This program or practice will not be effective unless Wal-Mart allows manufacturers to make reasonable profits so the manufacturers can allocate appropriate resources to produce safe toys, or safe consumer products.

Len Lewis
Guest
Len Lewis
14 years 8 months ago

No doubt Wal-Mart is doing the right thing and that other retailers and importers should follow suit. However, let’s be honest, they are probably the biggest importer of Chinese goods on the planet and trying to cover their own behinds.

Also, let’s not forget that the Chinese are not the only culprits when it comes to producing and exporting substandard goods. We’ve had the same problems with India, Indonesia and a host of other countries.

The problem is, of course, enforcing the standards. Wal-Mart can’t have inspectors in every Chinese plant every day. Documentation can easily be forged and manufacturers through bribery or coercion, pretty much run the Chinese government bureaucracy these days. As such, you can have all the executions and incarcerations you want, but business still runs rough shod over government officials and policies, according to China watchers.

Companies like Wal-Mart need to convince our lawmakers to get involved in a serious way by revamping trade policies with countries that do not meet our standards.

Art Williams
Guest
Art Williams
14 years 8 months ago

This is a great move by Wal-Mart. This is exactly what worried parents are looking for and it’s perfect timing. Now, they have to be very careful that they don’t slip up and pass something that they shouldn’t or they could lose all the momentum. And I agree that Wal-Mart is in the perfect position to do this because of their size and impact on the world’s markets and manufacturers. I can’t imagine that their competitors won’t be forced to do something very similar.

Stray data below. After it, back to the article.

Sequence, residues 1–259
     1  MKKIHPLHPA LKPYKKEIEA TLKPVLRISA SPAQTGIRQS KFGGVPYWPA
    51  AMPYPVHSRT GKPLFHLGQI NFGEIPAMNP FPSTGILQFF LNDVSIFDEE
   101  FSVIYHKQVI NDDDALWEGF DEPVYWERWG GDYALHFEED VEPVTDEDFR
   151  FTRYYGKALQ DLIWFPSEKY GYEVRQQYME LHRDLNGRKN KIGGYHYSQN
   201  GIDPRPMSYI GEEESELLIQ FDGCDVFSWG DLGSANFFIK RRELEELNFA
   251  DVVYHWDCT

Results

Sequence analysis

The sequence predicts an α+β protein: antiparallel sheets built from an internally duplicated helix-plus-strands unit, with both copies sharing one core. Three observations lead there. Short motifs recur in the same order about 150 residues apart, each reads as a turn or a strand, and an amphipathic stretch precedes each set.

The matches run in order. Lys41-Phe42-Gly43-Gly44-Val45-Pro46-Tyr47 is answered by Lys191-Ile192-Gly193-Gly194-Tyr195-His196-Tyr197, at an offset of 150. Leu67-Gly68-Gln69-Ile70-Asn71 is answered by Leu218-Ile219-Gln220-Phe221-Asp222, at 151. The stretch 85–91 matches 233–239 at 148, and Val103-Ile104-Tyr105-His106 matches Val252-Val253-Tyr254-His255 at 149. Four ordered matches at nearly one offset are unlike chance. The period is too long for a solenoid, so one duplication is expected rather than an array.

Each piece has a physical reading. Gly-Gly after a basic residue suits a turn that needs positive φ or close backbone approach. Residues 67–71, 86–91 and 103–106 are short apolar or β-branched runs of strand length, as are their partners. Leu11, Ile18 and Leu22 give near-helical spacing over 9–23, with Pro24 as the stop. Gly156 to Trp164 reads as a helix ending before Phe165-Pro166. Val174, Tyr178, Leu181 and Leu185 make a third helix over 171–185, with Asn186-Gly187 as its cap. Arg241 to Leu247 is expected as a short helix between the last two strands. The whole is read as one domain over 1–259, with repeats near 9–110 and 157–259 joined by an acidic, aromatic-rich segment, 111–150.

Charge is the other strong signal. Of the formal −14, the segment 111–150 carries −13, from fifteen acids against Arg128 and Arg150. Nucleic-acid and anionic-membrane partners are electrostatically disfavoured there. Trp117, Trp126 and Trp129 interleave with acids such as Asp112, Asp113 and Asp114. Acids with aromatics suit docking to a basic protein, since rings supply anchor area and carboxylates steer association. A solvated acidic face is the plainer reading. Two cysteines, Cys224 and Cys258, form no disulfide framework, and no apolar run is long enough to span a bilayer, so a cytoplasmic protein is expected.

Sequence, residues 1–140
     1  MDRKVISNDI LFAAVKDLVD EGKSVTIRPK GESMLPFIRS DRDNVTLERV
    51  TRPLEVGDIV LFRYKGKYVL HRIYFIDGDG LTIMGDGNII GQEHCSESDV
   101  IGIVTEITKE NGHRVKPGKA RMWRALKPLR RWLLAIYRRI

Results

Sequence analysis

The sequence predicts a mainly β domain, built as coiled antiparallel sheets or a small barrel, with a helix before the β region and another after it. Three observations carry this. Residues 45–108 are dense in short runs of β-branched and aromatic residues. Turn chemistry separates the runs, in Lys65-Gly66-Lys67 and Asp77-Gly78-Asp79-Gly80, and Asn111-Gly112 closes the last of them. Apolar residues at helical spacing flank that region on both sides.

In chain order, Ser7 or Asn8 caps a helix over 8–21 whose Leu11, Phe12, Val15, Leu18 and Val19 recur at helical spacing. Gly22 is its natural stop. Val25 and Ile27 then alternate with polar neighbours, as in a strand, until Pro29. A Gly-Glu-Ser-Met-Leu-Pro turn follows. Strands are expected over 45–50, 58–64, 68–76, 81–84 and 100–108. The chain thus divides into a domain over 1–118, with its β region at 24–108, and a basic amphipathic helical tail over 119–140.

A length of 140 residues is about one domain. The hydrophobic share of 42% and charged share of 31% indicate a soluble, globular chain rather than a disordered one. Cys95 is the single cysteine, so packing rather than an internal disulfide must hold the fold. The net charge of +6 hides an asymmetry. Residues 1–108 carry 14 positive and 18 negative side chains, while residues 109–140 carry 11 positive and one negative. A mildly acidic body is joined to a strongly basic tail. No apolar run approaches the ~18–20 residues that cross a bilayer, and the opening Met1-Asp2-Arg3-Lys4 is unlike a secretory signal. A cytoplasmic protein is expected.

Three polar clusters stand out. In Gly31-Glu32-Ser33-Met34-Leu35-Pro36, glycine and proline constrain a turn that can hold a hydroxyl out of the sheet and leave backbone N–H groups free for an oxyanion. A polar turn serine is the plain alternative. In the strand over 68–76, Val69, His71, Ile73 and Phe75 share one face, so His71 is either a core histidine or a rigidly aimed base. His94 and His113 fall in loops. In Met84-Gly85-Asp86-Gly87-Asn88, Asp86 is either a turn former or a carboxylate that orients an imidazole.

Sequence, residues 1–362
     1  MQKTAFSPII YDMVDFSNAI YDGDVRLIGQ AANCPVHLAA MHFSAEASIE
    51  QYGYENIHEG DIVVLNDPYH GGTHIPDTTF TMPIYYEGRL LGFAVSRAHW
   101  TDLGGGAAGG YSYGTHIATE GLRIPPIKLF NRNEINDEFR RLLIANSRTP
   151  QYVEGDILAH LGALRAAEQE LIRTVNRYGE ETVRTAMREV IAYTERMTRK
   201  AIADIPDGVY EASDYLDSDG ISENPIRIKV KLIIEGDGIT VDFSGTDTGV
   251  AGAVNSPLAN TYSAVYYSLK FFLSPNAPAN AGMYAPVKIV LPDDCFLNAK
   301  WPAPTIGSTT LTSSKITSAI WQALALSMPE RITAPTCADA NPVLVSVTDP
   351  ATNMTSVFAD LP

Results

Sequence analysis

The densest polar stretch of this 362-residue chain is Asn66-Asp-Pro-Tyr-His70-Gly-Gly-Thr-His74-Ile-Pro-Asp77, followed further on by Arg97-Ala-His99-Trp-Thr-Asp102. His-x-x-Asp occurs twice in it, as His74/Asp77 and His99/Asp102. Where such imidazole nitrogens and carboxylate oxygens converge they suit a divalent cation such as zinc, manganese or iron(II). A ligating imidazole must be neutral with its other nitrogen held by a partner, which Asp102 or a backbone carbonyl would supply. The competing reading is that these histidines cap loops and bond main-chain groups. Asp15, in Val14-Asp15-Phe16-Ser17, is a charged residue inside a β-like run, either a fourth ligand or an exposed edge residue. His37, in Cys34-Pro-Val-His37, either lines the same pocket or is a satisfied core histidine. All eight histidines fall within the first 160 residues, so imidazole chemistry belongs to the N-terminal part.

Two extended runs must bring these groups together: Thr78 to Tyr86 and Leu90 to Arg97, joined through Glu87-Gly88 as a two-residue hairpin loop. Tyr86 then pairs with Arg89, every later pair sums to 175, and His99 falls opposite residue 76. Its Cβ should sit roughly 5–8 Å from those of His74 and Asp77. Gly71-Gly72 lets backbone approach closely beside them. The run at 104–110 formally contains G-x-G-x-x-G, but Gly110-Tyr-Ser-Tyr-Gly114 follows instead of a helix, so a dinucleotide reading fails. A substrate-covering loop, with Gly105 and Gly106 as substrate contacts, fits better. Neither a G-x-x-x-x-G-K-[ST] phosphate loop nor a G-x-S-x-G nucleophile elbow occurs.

Dan Nelson
Guest
Dan Nelson
14 years 8 months ago

The 5 focus areas listed by Wal-Mart have been in place there for quite some time, so it is logical that they re-inforce standards they have had in place. Wal-Mart has a huge presence in China, both with the government there and across the manufacturing community, so their “stepped up” actions will have an immediate impact on improved product quality.

I know Wal-Mart has a very strong plant and product inspection process in place on items they source from China, and rely more on National Brand suppliers to deliver safe products; whether built overseas of here in US facilities.

Wal Mart will likely step up independent testing of National Brand toy products as an additional reassurance of the quality and safety of those items they intend to stock in Wal-Mart stores prior to taking shipments, and put in place more severe supplier repercussions with those suppliers that fail to meet consistent quality and safety standards.

Mark Lilien
Guest
14 years 8 months ago

Toy safety is a dynamite way for Wal-Mart to get the kind of publicity they crave. Who could be against protecting children?

Nikki Baird
Guest
Nikki Baird
14 years 8 months ago